Podcast: Break Things on Purpose | Tomas Fedor, Head of Infrastructure at Productboard
Tomas Fedor, Head of Infrastructure at Productboard, is here to talk about his personal passions and professional perfections. Tomas takes us through some of his biggest adaptations he had to make when adopting the cloud. He also tackles the complexities of working through his POC process, and how to keep consistencies across various teams. Teams are a central focus for Tomas as well, and his techniques and experiences in growing and leading specific technical teams is insightful. Tune in for his meticulous processes, team building insight, communicating to non-technical members of your organization, and more!
In this episode, we cover:
- 00:00:00 - Introduction
- 00:02:45 - Adopting the Cloud
- 00:08:15 - POC Process
- 00:12:40 - Infrastructure Team Building
- 00:17:45 - “Disaster Roleplay”/Communicating to the Non-Technical Side
- 00:20:20 - Leadership
- 00:22:45 - Tomas’ Horror Story/Dashboard Organziation
- 00:29:20 - Outro
- Productboard: https://www.productboard.com
- Scaling Teams: https://www.amazon.com/Scaling-Teams-Strategies-Successful-Organizations/dp/149195227X
- Seeking SRE: https://www.amazon.com/Seeking-SRE-Conversations-Running-Production/dp/1491978864/
Jason: Welcome to Break Things on Purpose, a podcast about failure and reliability. In this episode, we chat with Tomas Fedor, Head of Infrastructure at Productboard. He shares his approach to testing and implementing new technologies, and his experiences in leading and growing technical teams.
Today, we’ve got with us Tomas Fedor, who’s joining us all the way from the Czech Republic. Tomas, why don’t you say hello and introduce yourself?
Tomas: Hello, everyone. Nice to meet you all, and my name is Tomas, or call me Tom. And I’ve been working for a Productboard for past two-and-a-half year as infrastructure leader. And all the time, my experience was in the areas of DevOps, and recently, three and four years is about management within infrastructure teams. What I’m passionate about, my main technologies-wise in cloud, mostly Amazon Web Services, Kubernetes, Infrastructure as Code such as Terraform, and recently, I also jumped towards security compliances, such as SOC 2 Type 2.
Jason: Interesting. So, a lot of passions there, things that we actually love chatting about on the podcast. We’ve had other guests from HashiCorp, so we’ve talked plenty about Terraform. And we’ve talked about Kubernetes with some folks who are involved with the CNCF. I’m curious, with your experience, how did you first dive into these cloud-native technologies and adopting the cloud? Is that something you went straight for, or is that something you transitioned into?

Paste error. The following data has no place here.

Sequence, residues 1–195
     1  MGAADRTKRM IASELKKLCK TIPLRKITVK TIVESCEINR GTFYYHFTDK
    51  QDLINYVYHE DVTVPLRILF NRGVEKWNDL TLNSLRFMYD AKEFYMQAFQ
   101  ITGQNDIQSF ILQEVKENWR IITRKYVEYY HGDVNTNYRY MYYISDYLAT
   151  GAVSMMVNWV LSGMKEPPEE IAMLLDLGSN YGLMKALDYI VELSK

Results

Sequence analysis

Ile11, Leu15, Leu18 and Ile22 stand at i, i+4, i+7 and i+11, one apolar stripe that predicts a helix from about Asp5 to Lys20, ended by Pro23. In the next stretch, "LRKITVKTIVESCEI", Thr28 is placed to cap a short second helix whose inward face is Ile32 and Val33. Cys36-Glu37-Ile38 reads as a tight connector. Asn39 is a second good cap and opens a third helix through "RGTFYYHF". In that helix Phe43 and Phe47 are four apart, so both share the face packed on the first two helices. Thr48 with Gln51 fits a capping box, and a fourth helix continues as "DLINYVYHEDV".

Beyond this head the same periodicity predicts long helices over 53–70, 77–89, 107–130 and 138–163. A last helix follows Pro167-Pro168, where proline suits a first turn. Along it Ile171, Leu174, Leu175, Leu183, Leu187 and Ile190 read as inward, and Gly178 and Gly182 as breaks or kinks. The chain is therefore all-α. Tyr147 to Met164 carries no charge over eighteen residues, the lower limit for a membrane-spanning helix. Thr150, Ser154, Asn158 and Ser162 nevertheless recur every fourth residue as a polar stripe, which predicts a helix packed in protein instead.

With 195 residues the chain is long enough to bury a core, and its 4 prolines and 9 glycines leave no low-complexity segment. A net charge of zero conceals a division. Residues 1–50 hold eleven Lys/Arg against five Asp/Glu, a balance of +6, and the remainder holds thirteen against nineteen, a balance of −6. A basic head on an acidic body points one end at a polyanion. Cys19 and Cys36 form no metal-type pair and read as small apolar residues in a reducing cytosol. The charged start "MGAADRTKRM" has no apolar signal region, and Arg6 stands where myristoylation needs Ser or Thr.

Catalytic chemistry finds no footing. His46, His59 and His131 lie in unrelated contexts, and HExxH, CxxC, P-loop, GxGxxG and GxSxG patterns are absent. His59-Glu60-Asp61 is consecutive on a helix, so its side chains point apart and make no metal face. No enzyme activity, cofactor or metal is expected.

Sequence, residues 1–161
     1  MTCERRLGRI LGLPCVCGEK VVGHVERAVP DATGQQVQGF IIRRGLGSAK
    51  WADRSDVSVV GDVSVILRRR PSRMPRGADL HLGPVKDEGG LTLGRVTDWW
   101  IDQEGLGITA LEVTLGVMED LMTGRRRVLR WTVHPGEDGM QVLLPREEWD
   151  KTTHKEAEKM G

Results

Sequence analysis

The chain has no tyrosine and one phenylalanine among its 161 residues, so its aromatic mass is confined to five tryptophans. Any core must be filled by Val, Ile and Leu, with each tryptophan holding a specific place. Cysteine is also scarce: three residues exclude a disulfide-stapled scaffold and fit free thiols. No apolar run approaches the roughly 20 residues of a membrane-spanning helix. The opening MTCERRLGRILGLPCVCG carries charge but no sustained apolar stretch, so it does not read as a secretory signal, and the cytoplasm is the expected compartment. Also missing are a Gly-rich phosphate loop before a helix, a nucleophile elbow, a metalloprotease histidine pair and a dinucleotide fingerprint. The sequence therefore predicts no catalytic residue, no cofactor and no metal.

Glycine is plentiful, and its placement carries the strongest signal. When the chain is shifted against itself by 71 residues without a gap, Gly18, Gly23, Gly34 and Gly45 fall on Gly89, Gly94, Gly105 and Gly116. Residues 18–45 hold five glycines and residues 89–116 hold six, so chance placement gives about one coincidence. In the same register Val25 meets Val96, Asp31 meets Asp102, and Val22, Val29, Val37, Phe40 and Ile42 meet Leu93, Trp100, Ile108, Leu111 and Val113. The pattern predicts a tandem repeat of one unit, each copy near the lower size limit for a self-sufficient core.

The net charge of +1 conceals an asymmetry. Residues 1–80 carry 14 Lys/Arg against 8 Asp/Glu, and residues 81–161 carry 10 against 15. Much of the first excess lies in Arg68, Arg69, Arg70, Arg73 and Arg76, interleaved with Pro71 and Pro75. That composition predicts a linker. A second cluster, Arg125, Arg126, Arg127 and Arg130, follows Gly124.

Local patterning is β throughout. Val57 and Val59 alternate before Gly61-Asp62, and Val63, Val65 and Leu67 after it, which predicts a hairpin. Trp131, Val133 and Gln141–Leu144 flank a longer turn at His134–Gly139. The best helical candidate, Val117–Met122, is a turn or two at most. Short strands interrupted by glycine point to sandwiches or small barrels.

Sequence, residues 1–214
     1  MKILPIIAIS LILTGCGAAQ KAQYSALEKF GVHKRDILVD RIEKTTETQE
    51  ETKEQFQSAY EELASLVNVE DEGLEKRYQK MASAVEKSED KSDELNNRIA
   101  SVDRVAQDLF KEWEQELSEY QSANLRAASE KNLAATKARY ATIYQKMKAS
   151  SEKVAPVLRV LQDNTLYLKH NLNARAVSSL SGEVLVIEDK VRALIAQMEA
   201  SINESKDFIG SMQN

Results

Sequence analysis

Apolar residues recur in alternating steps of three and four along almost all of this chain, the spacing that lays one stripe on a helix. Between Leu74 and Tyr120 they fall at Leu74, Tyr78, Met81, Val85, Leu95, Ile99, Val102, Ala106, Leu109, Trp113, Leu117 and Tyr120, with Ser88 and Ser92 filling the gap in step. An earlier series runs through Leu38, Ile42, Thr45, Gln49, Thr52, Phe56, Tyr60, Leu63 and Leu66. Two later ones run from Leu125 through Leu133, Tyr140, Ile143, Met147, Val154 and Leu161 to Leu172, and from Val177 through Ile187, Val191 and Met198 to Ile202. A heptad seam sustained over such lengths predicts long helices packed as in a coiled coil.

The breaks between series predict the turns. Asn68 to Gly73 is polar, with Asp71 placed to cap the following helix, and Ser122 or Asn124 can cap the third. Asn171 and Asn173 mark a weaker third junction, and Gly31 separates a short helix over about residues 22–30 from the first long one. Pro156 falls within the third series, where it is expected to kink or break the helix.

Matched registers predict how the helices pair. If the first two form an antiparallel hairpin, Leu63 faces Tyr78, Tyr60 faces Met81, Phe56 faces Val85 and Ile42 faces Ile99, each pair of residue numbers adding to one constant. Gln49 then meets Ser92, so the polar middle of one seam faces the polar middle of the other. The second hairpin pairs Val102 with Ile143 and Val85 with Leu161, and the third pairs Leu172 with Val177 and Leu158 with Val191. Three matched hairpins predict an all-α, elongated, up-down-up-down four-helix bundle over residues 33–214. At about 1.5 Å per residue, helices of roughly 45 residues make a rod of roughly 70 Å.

Tomas: I actually slow transition to cloud technologies because my first career started at university when I was like, say, half developer and half Unix administrator. And I had experience with building very small data center. So, those times were amazing to understand all the hardware aspects of how it’s going to be built. And then later on, I got opportunity to join a very famous startup at Czech Republic [unintelligible 00:02:34] called Kiwi.com [unintelligible 00:02:35]. And that time, I first experienced cloud technologies such as Amazon Web Services.
Jason: So, as you adopted Amazon, coming from that background of a university and having physical servers that you had to deal with, what was your biggest surprise in adopting the cloud? Maybe something that you didn’t expect?
Tomas: So, that’s great question, and what comes to my mind first, is switching to completely different [unintelligible 00:03:05] because during my university studies and career there, I mostly focused on networking [unintelligible 00:03:13], but later on, you start actually thinking about not how to build a service, but what service you need to use for your use case. And you don’t have, like, one service or one use case, but you have plenty of services that can suit your needs and you need to choose wisely. So, that was very interesting, and it needed—and it take me some time to actually adopt towards new thinking, new mindset, et cetera.